Movement and Meditation

Just a Glimpse

On my more than hour-long walk yesterday along a windy ridge line of miles of sidewalk between vast suburban neighborhoods, I saw just one other pedestrian. I passed elementary school children exploring their live oak-shaded playground and middle schoolers with various levels of enthusiasm running and walking around their fully exposed track, both groups contained and protected by the high fencing surrounding their outdoor spaces. Aside from my briefly passing these people—and drivers in cars even more briefly passing me—I had the sense of thousands of cubic miles to myself. For the entire time, I could rotate 360 degrees and scan the arc from horizon to atmosphere and back again, and there wasn’t a single cloud in sight, just a blue expanse, deepening in shade with the infinity above, lightening where it met far-distant trees and buildings. I soaked up the warm sun and quickened my pace and was flooded—as usual when I walk—with gratitude to be alive and be moving.
And then I drove to the care home, to visit my mother there. I found her in the garden across from her room, just her and her friend in the enclosed space of flowers and painted boulders from a recent activity, the two of them sitting close and touching each other’s arms and hands and watching and commenting on the passing small planes and the encircling hawks visible in the square patch of sunny sky above the courtyard. Where our conversations once sustained long and complicated stretches of narrative nonfiction, as her disease has progressed, I have witnessed and wondered at the movement into fiction—a making up of story to explain a confusing present or a vaguely remembered past—and now into the lyricism of poetry and song, with its looping choruses, its tangential bridges. As setting and plot and character have diffused and conflated in tangled and fading memory, emotional themes still resonate along throughlines, sometimes in conflict, other moments in peaceful resolution. Yesterday, she was smiling and laughing and agreeing with him and what he said, at me and what I said: Yes, yes, yes.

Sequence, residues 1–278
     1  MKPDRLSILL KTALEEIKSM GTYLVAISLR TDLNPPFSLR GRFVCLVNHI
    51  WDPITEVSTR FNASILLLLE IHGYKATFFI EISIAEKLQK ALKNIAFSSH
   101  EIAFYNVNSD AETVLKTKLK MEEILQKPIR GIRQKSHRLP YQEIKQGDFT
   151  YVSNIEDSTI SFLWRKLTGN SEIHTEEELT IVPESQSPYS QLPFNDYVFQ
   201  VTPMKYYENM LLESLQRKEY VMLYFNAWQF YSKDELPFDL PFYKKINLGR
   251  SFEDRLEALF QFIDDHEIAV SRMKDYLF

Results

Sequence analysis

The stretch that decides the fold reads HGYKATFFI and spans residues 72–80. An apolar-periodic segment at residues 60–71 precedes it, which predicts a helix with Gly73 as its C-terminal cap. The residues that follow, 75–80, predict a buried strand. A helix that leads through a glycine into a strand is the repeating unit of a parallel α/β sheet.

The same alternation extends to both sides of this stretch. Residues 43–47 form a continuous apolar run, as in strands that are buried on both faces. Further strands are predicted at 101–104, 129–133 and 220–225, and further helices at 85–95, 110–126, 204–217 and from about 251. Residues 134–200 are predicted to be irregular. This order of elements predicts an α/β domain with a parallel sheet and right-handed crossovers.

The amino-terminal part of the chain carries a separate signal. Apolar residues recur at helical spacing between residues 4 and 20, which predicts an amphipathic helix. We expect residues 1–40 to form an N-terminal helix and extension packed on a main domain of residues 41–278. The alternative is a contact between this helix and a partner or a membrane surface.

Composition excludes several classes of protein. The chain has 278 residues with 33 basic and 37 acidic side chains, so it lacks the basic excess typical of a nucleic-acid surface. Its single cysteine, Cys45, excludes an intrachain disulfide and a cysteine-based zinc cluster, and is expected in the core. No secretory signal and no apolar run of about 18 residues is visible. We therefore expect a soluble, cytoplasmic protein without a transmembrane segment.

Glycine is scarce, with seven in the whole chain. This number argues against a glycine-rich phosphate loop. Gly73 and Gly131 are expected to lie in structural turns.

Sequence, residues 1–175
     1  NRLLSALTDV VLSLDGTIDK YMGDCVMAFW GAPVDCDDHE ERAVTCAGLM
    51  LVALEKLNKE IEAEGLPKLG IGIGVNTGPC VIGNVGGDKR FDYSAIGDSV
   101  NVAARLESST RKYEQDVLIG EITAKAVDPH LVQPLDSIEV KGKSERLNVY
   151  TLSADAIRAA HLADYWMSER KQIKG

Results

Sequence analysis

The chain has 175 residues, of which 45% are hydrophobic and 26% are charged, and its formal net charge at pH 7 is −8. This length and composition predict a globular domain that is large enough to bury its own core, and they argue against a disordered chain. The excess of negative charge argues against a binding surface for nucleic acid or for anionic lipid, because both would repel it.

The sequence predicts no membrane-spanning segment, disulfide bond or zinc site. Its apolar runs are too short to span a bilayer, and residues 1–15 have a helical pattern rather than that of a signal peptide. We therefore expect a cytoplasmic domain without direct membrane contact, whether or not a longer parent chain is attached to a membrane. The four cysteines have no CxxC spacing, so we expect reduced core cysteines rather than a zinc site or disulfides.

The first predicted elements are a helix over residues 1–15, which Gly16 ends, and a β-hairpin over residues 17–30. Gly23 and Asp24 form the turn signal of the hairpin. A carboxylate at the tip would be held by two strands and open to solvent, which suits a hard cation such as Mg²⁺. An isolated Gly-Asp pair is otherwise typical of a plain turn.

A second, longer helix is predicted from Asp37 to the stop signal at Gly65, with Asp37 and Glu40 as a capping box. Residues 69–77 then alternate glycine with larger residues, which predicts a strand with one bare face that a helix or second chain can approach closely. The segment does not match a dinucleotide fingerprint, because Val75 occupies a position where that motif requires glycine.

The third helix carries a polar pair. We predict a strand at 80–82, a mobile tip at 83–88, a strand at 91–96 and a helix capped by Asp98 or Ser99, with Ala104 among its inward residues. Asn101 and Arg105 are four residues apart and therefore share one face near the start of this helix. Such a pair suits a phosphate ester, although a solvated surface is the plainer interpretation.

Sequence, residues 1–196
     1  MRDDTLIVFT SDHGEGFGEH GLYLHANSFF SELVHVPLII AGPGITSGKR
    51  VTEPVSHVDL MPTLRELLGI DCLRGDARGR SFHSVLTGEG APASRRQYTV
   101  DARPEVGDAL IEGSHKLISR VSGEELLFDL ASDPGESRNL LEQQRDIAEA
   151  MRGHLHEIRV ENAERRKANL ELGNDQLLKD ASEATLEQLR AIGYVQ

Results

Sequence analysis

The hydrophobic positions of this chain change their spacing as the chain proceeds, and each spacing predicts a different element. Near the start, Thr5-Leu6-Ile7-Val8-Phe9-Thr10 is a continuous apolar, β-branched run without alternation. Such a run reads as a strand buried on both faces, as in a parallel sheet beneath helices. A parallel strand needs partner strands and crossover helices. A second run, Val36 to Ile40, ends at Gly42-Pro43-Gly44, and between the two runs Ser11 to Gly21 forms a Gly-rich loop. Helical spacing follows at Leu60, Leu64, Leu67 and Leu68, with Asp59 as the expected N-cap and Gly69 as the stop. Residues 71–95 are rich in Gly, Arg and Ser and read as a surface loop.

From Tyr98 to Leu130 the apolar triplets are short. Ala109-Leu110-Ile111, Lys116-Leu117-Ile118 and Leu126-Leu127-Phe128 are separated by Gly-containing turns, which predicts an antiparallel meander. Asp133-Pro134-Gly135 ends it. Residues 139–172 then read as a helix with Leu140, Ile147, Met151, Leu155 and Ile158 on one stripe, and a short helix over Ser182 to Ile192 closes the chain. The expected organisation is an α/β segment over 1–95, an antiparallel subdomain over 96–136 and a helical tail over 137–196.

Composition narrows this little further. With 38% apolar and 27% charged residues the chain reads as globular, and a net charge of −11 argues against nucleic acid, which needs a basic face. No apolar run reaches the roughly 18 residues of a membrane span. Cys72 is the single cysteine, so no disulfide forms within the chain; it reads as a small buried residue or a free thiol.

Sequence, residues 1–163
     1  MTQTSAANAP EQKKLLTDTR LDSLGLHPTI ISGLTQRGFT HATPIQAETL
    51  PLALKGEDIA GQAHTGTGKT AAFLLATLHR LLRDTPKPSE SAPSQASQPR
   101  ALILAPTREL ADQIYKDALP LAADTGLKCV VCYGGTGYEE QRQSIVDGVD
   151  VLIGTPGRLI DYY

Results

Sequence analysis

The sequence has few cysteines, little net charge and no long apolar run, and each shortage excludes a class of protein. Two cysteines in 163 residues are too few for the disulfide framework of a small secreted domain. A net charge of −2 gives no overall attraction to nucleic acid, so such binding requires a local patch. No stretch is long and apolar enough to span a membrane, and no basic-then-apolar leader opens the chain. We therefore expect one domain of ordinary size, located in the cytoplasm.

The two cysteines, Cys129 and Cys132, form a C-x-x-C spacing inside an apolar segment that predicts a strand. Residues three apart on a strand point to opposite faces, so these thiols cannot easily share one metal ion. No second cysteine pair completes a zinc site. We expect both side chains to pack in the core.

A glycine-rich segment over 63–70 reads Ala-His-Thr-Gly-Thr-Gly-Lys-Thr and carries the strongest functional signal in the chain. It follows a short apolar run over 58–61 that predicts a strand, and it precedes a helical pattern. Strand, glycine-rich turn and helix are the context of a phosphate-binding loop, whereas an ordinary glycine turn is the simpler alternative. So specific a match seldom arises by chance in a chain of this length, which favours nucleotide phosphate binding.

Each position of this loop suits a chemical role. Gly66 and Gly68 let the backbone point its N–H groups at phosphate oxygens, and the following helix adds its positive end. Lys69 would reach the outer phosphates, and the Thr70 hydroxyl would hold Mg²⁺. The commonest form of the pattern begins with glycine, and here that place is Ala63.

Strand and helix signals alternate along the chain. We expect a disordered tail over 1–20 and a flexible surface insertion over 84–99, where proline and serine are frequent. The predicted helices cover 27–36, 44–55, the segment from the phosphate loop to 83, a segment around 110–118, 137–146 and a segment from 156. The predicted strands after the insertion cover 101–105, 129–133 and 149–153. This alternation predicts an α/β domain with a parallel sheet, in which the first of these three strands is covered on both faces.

I hope that I won’t ever forget the summer moment, years ago, when I was wrestling with a persistent existential threat and my sister invited me and my three boys to swim in her (now also my) neighborhood pool, and I brought to our time together all the dark internal agony over my (now I know temporarily) intractable problems, when I realized: While nothing outside of this moment has magically disappeared, this moment itself is perfect. The sky above is blue. The air is warm. The trees are green. I am swimming in clean salt water with my sons and my sister and her baby, and we all love each other. And I could bask in the radiance of that gift; I would bask in it; I still bask in it.